I had not intended to speak, but, having heard what my hon. Friend the Member for Colchester (Will Quince) has said, I think it is important to put on the record that, if his proposal is indeed supported by the Government, it is they, rather than a private Member through a Bill, who should legislate on it. The reason I say that is that this is a controversial issue—[Interruption.] My hon. Friend conceded that it is a controversial issue. It is not surprising that, as a Conservative, I should regard it as controversial that this House should be considering a total prohibition on what is currently a perfectly lawful activity. If we are going to legislate, let the Government introduce a Bill of their own and let us have a proper debate about the detail.

I hope my hon. Friend the Member for Colchester will listen to this response. He spoke of tricks being done by wild animals in circuses. If we look at a similar Bill promoted in the previous Parliament, we will see that it sought to impose a ban even on displaying wild animals.

The definition of a wild animal is also an issue. For example, does my hon. Friend think that a camel, which in most countries of the world is regarded as a domestic animal, should be banned from being able to participate in a circus?

Order. May I just explain that in these circumstances we do not take interventions? That does not happen. Mr Chope’s remarks must be heard.

Thank you, Mr Speaker. My hon. Friend the Member for Colchester did not refer to the outcome of the licensing regime, which has, perfectly rightly, been brought into effect. The regime requires up to seven inspections a year of animals in travelling circuses. My hon. Friend will correct me if I am wrong, but I think that zoos, including Colchester zoo, are inspected only once a year. We are now about to embark on the fourth year of that licensing regime and nobody has criticised the welfare of the animals subject to it. On the basis that good Conservatives should argue for as little regulation and prohibition as is possible and reasonable, I think we have reached a compromise whereby we have a proper and tight welfare licensing regime without the need for a total ban or prohibition. That is why I say to my hon. Friend that it would be wrong of him to raise people’s expectations—I accept that many support the views he has expressed today—by suggesting that this legislation could be passed under the Private Member’s Bill procedure. I hope that his response will be that the Government should bring forward legislation, if indeed the Government have the will to implement this particular aspect of our manifesto.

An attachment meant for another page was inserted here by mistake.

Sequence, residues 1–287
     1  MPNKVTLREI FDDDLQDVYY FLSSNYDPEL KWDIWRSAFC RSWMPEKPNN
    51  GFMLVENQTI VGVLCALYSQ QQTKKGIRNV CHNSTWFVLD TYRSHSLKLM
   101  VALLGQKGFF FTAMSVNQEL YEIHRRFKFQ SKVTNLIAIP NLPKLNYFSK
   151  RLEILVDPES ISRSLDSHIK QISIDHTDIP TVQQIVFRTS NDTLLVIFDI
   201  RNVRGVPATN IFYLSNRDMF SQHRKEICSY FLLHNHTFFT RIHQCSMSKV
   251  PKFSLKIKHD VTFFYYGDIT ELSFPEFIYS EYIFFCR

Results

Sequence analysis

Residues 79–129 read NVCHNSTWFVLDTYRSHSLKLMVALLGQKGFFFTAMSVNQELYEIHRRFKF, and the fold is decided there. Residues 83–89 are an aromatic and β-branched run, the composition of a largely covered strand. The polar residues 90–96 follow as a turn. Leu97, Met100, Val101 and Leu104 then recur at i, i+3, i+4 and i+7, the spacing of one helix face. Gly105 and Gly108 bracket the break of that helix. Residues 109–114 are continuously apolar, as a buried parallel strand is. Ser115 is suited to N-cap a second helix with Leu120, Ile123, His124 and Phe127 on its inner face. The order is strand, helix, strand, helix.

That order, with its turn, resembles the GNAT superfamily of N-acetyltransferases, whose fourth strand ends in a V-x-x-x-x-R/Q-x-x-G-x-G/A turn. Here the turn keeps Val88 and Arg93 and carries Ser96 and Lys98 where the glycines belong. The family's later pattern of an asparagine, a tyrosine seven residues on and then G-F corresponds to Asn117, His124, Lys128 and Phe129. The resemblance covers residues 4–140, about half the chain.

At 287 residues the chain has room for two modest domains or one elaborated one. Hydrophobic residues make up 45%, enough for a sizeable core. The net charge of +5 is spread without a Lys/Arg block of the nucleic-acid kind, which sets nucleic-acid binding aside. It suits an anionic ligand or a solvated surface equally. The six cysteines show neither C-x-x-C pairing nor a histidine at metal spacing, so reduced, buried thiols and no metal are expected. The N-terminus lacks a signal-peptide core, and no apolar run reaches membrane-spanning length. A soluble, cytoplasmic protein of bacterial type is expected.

It would be out of order, Mr Speaker, for me to talk about other aspects of the Conservative manifesto that have not yet been implemented and might not even be implemented at all. The onus for putting this matter right, if it needs to be put right, must be on the Government. This will be controversial and technical legislation, which is why I do not think it appropriate to be dealt with under the Private Member’s Bill procedure.

Question put (Standing Order No. 23) and agreed to.


That Will Quince, Jim Dowd, Sir Roger Gale, Bob Blackman, Mark Pritchard, Mr Philip Hollobone, Nusrat Ghani, Mr Virendra Sharma, Simon Hoare and Louise Haigh present the Bill.

Will Quince accordingly presented the Bill.

Bill read the First time; to be read a Second time on Friday 4 March, and to be printed (Bill 135).